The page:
portal, periportal and intra-acinar inflammatory cell The designation of bridging necrosis should in our
infiltration, and various forms of liver cell damage and view be restricted to bridging between portal tracts and
necrosis (Table 1): spotty {focal) lytic necrosis and terminal hepatic venules as reflected in the term portal-
apoptosis with liver cell drop-out, piecemeal necrosis central (P-C) bridging. This form of bridging, which

K. Ishak et al.

probably represents necrosis of acinar zones 3 often TABLE 3

starting as perivenular necrosis, is thought to have dif- Example of conventional verbal and semi-numerical liver biopsy re-
ferent prognostic and pathogenetic significance from
linking of portal tracts; the latter is usually the result “This liver biopsy shows preserved acinar architecture, but portal
tracts appear enlarged and short septa extend from them without
of portal expansion by piecemeal or sleeve necrosis (for forming bridges between vascular structures. Portal tracts are infil-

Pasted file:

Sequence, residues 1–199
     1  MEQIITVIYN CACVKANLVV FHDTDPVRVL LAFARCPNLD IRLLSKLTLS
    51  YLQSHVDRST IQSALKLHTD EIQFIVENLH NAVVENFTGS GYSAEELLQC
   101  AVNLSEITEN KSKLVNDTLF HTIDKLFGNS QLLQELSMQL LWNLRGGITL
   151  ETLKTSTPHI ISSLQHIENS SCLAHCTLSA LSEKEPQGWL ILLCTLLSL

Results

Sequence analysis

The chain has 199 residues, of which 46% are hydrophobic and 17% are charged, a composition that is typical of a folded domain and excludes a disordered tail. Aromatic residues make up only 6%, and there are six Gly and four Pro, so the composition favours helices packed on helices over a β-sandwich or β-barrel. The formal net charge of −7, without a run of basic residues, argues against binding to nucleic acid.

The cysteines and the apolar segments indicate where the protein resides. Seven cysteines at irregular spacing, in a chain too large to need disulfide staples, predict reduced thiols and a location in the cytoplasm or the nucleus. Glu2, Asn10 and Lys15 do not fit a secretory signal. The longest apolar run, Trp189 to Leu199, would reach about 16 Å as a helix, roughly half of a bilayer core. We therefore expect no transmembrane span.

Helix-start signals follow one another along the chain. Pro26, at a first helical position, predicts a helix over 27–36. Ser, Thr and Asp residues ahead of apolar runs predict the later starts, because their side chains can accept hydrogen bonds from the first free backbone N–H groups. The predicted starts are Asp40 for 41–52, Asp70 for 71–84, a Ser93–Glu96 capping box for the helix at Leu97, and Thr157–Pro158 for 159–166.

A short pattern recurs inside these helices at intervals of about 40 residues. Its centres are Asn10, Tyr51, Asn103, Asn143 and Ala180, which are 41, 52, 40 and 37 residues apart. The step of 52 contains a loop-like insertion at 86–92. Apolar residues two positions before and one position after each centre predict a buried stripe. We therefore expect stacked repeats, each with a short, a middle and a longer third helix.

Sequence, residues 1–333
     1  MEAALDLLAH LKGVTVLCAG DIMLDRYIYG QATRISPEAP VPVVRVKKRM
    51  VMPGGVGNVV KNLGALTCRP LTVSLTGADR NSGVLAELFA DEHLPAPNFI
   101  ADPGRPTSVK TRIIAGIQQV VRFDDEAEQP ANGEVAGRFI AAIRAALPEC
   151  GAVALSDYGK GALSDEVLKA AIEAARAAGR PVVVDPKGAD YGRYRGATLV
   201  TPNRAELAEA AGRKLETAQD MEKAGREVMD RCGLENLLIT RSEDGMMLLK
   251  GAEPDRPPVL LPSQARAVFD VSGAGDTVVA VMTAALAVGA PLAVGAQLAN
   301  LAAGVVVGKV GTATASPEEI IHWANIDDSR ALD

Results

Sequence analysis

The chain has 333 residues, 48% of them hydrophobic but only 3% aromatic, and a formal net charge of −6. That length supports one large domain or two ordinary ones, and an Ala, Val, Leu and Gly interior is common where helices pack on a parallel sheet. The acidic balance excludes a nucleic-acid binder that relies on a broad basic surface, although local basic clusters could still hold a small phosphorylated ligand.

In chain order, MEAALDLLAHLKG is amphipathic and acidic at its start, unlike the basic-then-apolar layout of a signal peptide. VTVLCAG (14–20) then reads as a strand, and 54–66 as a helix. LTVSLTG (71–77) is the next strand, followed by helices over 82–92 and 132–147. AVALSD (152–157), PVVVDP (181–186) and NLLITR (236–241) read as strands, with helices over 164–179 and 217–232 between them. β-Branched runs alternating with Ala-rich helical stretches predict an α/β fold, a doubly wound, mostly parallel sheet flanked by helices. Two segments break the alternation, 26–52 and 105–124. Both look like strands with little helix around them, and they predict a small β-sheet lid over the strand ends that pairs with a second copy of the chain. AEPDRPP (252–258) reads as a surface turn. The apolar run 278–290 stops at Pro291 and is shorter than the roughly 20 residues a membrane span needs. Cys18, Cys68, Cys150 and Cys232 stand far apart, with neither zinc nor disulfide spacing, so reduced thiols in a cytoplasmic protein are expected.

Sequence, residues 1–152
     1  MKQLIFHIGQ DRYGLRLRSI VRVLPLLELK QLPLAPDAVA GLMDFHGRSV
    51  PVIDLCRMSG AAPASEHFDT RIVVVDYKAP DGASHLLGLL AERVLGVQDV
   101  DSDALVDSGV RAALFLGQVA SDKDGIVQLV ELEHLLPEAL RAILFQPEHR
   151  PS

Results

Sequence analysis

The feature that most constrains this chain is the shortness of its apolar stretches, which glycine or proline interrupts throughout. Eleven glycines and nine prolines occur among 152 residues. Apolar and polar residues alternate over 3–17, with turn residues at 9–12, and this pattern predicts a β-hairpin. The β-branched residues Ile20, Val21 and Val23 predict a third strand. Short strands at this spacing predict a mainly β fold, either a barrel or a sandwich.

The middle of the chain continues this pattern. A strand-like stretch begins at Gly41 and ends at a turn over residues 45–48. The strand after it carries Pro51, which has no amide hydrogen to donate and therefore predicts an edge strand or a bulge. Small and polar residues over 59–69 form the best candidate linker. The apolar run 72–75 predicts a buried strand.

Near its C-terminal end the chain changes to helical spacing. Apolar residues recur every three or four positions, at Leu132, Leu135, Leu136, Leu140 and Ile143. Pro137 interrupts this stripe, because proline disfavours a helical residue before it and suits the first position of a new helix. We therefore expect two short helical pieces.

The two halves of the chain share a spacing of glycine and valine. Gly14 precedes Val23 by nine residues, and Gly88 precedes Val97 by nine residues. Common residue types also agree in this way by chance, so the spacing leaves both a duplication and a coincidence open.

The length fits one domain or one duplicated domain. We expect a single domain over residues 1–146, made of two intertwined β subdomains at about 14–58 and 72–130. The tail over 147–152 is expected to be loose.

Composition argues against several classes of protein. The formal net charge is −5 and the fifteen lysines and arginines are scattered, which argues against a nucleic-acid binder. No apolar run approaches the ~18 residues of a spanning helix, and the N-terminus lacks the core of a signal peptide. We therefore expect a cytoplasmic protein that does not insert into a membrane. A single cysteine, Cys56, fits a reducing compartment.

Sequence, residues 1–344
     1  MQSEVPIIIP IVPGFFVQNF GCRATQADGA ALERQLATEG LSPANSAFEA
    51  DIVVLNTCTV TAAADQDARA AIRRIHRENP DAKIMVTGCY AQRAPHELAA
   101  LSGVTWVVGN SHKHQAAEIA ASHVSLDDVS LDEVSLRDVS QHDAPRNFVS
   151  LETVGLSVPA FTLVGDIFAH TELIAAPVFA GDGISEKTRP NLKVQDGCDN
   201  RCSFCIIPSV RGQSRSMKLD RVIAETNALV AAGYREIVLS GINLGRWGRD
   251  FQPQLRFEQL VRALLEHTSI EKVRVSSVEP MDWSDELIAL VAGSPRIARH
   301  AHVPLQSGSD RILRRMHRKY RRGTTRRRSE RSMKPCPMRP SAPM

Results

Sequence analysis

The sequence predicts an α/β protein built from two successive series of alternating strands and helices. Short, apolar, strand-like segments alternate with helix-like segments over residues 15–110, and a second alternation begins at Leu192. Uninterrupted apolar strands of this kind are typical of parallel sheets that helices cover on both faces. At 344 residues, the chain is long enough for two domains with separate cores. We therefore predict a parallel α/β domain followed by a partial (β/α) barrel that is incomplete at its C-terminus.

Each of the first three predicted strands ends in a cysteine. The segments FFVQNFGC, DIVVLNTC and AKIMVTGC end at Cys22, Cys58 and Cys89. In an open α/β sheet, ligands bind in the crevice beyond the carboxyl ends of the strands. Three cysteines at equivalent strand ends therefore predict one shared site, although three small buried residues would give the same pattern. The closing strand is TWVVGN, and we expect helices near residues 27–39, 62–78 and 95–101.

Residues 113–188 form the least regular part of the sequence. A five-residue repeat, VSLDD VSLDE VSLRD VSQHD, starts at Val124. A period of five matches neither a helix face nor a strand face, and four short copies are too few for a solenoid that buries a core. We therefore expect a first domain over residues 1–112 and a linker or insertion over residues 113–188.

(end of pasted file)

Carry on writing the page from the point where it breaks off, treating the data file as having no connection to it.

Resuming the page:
detailed definition of this and other morphological trated by lymphocytes, and lymphoid follicles with germinal centres
terms see (6)). have formed. Interface hepatitis (piecemeal necrosis) is minimal.
There is mild bile-duct damage, as shown by epithelial swelling and
the presence of occasional intra-epithelial lymphocytes. Within the
acini there are a few small foci of liver cell drop-out and infiltration
What Histological Features Should be Included
by lymphoid cells and macrophages. A few acidophil bodies are seen.
in Staging? Confluent and portal-central bridging necrosis are not seen. Fatty
The features to be considered include fibrosis, architec- change is mild. There is no haemosiderosis. Alpha-I-antitrypsin glob-
ules are absent.
tural disturbance and cirrhosis (Table 2). In the case of
the latter there may be considerable difficulty in as- Summary: Mild chronic hepatitis with a lobular component but no
bridging necrosis, compatible with but not diagnostic of hepatitis C
sessing a small biopsy specimen, and the problem of virus infection.”
potential sampling error must therefore be considered The scores appropriate for this report (Tables 1 & 2) would be:
in all cases. For this reason, the staging categories are Grading (A)l+(B)O+(C)2+(D)3; Total=6